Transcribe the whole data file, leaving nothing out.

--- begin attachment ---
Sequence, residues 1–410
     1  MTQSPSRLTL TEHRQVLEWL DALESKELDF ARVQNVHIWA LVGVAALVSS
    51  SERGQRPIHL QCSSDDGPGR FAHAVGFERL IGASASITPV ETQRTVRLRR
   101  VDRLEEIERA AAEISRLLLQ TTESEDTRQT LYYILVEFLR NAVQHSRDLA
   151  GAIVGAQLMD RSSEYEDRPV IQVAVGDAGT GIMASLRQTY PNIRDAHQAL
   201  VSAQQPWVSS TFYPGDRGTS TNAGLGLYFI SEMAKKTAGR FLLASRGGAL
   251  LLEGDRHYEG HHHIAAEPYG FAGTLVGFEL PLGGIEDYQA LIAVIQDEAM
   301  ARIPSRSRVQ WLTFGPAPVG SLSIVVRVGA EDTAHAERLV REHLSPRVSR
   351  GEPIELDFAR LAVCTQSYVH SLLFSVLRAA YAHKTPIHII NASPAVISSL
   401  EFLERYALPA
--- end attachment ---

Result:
Sequence, residues 1–410
     1  MTQSPSRLTL TEHRQVLEWL DALESKELDF ARVQNVHIWA LVGVAALVSS
    51  SERGQRPIHL QCSSDDGPGR FAHAVGFERL IGASASITPV ETQRTVRLRR
   101  VDRLEEIERA AAEISRLLLQ TTESEDTRQT LYYILVEFLR NAVQHSRDLA
   151  GAIVGAQLMD RSSEYEDRPV IQVAVGDAGT GIMASLRQTY PNIRDAHQAL
   201  VSAQQPWVSS TFYPGDRGTS TNAGLGLYFI SEMAKKTAGR FLLASRGGAL
   251  LLEGDRHYEG HHHIAAEPYG FAGTLVGFEL PLGGIEDYQA LIAVIQDEAM
   301  ARIPSRSRVQ WLTFGPAPVG SLSIVVRVGA EDTAHAERLV REHLSPRVSR
   351  GEPIELDFAR LAVCTQSYVH SLLFSVLRAA YAHKTPIHII NASPAVISSL
   401  EFLERYALPA